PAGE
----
The Benefits of Exercise for Seniors with Mesothelioma
Mesothelioma cancer patients will benefit greatly from regular exercise — on any level — by boosting energy, increasing appetite and improving mood and mental health.
Exercise can become your ally. It will improve your sleep, muscular fitness and cardiorespiratory condition. Total bed rest is no longer a recommended part of cancer treatment.
But exercise is. You will feel better.
Mesothelioma is a rare and aggressive cancer that first attacks the thin membrane around your lungs or abdominal cavity. It is caused mostly by a long-before occupational exposure to asbestos fibers. It typically strikes those who are 60 and older because of its long latency period (20-50 years) between exposure and diagnosis.
Mesothelioma can make breathing difficult, cause chest pain and reduce energy levels, along with other serious side effects.
Exercise, even light and a few times each week, can combat some of those symptoms.
Try These Types of Exercise First
- Stationary cycling
- Low impact & water aerobics
“Keeping fit is important. The more [mesothelioma patients] walk the better it is for them,” said thoracic surgeon and mesothelioma specialist Dr. Jacque Fontaine at the Moffitt Cancer Center in Tampa. “Some patients say ‘I’m too sick to walk.’ But that’s not the way they should look at it. The more they walk, the stronger they will get, and the better their breathing will be. While the other lung, that’s not affected by mesothelioma, will slowly take over the function of the lung that is diseased.”
Exercise does not have to be structured or difficult. Exercise can be part of your everyday life. It can be doing the dishes or other household chores. It can be folding the laundry, running the vacuum clearer or sweeping the garage. It is moving.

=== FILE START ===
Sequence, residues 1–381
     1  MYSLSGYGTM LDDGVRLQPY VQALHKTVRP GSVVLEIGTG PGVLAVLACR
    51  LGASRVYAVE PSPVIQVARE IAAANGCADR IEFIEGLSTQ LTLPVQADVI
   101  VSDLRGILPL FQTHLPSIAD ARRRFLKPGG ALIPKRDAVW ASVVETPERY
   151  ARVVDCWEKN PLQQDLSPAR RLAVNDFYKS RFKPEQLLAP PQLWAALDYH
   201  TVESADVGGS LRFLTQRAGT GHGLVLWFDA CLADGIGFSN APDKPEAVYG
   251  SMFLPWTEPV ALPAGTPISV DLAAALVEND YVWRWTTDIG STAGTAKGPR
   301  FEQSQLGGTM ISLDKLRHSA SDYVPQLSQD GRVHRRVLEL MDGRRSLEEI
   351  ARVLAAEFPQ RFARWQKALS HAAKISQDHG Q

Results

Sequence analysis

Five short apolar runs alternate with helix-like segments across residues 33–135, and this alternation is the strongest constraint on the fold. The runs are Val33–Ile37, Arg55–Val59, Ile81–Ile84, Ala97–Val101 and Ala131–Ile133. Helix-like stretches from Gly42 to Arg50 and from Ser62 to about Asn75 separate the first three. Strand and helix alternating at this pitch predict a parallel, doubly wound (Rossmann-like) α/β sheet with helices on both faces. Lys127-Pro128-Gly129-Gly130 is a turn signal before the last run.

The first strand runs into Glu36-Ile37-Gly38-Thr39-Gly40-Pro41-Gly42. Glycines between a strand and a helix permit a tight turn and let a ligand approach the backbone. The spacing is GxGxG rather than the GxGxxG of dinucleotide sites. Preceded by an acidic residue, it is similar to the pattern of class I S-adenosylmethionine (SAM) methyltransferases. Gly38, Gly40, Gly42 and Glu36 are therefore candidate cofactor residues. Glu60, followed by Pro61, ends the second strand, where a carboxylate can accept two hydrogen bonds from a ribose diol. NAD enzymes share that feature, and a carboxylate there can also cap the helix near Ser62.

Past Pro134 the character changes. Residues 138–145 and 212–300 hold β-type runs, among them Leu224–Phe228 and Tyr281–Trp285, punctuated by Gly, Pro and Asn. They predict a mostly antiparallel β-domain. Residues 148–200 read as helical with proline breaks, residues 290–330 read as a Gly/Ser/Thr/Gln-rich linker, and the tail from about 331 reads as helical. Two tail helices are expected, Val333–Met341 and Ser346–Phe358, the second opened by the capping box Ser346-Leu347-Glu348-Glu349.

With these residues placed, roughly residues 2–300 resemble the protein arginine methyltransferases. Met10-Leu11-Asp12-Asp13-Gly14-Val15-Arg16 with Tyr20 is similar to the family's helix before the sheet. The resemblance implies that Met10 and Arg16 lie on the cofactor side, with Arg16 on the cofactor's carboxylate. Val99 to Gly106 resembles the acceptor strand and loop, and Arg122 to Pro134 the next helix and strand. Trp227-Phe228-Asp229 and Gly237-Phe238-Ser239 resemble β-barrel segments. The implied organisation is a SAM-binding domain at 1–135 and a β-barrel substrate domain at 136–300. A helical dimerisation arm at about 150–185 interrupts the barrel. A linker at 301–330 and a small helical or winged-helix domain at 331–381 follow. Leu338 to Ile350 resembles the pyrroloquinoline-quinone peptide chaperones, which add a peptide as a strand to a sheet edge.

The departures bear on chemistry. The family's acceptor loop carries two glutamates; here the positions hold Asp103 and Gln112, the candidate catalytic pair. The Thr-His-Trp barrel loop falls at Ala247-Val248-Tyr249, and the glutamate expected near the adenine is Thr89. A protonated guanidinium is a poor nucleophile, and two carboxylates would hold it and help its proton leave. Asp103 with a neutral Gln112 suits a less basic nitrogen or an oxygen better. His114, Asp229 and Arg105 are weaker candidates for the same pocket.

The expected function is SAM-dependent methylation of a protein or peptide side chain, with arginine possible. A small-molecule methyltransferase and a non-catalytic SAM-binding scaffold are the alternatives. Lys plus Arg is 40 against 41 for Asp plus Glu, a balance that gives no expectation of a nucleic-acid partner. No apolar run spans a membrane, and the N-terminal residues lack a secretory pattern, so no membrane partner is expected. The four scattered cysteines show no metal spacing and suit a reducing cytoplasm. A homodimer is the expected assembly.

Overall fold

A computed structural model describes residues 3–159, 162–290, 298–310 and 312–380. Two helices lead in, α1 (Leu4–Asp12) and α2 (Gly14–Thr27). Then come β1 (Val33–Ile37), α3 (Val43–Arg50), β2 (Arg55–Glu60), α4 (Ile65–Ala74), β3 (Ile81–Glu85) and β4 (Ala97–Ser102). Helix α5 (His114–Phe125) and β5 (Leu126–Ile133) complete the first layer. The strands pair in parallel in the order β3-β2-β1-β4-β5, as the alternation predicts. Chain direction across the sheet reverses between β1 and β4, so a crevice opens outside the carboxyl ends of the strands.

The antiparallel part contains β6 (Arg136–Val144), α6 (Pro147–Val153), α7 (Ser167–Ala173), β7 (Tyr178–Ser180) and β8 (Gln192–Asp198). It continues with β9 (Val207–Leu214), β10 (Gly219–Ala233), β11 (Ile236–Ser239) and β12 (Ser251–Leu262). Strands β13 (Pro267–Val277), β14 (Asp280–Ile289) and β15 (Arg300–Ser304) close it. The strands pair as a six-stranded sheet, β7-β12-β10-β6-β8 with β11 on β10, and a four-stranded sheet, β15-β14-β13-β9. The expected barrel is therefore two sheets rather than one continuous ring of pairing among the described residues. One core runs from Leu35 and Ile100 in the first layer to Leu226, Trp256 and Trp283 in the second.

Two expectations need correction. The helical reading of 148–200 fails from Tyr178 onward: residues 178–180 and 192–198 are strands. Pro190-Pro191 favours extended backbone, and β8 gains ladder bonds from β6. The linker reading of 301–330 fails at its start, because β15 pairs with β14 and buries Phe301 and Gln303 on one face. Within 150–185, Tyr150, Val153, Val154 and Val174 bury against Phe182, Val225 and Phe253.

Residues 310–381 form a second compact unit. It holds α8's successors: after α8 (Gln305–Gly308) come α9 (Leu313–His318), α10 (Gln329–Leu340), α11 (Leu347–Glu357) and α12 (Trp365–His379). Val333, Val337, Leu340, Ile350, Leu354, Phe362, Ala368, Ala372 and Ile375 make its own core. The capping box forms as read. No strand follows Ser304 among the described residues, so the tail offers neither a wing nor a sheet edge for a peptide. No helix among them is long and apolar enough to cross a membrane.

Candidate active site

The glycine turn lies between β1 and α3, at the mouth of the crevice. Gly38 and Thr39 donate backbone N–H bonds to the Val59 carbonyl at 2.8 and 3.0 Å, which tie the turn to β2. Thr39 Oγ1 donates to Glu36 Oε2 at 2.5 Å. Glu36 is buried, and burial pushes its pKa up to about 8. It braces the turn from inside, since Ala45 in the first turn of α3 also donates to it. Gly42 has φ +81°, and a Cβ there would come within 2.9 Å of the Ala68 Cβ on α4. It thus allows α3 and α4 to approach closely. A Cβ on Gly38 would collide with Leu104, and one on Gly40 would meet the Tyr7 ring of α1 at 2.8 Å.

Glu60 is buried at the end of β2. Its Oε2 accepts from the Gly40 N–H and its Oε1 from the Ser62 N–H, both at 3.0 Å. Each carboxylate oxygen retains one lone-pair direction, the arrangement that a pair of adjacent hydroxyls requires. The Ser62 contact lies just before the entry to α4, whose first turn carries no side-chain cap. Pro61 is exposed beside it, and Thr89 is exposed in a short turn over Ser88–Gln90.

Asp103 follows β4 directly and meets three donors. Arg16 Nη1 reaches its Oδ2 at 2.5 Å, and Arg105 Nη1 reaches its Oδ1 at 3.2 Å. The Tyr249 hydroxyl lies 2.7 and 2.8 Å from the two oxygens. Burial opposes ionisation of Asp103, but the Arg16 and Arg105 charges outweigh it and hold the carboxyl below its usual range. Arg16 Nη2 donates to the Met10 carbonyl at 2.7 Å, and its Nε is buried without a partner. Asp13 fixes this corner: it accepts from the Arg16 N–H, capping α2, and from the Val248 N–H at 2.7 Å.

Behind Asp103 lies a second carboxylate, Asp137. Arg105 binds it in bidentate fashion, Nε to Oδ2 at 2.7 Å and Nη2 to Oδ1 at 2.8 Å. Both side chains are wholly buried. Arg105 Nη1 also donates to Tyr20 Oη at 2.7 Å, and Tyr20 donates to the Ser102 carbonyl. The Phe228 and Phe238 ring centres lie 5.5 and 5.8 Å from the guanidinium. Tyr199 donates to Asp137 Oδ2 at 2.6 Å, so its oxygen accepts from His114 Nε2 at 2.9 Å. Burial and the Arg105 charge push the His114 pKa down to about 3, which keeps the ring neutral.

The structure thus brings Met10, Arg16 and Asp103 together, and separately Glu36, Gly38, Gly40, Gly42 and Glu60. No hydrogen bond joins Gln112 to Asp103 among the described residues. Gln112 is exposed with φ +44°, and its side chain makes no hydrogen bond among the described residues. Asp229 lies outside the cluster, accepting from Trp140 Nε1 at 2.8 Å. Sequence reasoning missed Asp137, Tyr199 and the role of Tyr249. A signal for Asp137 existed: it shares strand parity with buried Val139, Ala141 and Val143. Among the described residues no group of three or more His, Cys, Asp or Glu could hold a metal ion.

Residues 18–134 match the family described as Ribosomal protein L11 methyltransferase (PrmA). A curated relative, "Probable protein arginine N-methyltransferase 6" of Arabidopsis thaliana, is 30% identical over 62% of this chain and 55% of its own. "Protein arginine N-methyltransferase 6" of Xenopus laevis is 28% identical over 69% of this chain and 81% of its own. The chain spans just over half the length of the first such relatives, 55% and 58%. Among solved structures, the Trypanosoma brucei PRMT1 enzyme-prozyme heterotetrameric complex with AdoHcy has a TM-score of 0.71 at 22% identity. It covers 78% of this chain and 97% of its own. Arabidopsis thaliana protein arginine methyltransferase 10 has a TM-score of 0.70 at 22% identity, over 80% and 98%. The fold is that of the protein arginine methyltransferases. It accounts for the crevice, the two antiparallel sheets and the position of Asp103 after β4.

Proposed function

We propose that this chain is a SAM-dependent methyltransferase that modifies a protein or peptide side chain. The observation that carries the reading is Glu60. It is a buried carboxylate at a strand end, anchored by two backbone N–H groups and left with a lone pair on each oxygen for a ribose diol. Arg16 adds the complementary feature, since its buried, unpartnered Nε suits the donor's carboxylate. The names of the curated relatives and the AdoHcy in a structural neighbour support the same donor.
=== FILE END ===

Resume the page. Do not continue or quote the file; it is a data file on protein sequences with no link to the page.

Walking around the block, as slow as you like, is great exercise. So is sitting in a chair and doing calf raises or leg lifts. Do it regularly. There is a reason why mesothelioma doctors encourage patients to get up and walk as soon as possible after surgery. It is good for you.
Don’t Overdo It
There is a risk of overdoing the exercise, so consult with your doctor, nurse or rehabilitation specialist. Many cancer centers offer fitness assessments and exercise training, and they can put together a customized exercise plan.
Mesothelioma patients should avoid extreme cardiovascular exercise that requires optimal lung function. Do not strain or cause pain with exercise. Choose moderate or light exercise. Be careful with lifting, too. Don’t aggravate chest muscles weakened by cancer, or the medications used to combat it.
Start slowly and carefully in whatever exercise you do. Build stamina by adding a few repetitions each week. Fatigue after chemotherapy can be debilitating, so scale back — but don’t stop your exercise routine entirely.
Join Others Who Exercise
If it is possible, join an exercise group. Getting others involved will motivate you to continue. It’s easy to stop with no one around. Having others around will encourage you. Have friends and family join you in workout sessions.
You may discover quickly what exercise will:
- Reduce stress
- Lessen any depression
- Improve physical function
- Boost energy
- Increase bone and muscle strength
Remember, even with a cancer such as mesothelioma, exercise can become your friend and ally. Just give it a try and see.